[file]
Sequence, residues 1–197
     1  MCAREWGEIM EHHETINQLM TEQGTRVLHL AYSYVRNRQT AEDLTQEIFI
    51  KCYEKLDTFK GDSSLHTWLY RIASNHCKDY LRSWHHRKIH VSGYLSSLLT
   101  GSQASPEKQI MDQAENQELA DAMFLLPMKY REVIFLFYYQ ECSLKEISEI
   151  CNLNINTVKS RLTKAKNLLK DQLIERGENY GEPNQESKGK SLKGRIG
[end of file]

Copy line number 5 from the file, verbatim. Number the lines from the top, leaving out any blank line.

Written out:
   151  CNLNINTVKS RLTKAKNLLK DQLIERGENY GEPNQESKGK SLKGRIG